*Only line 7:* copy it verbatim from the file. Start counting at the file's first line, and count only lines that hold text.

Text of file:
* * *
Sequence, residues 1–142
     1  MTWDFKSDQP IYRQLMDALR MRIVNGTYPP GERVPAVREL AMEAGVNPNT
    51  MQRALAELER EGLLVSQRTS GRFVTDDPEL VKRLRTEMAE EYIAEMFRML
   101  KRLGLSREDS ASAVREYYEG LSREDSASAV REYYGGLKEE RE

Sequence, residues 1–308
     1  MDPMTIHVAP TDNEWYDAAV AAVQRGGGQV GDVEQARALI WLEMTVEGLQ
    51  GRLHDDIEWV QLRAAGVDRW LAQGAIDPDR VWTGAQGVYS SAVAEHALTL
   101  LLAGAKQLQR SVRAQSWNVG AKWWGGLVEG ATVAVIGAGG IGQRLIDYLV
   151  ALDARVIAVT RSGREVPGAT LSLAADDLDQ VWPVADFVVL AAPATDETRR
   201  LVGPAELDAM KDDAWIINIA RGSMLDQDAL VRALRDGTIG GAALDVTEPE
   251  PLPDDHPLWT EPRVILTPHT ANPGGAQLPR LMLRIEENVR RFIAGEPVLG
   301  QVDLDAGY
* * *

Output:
    51  GRLHDDIEWV QLRAAGVDRW LAQGAIDPDR VWTGAQGVYS SAVAEHALTL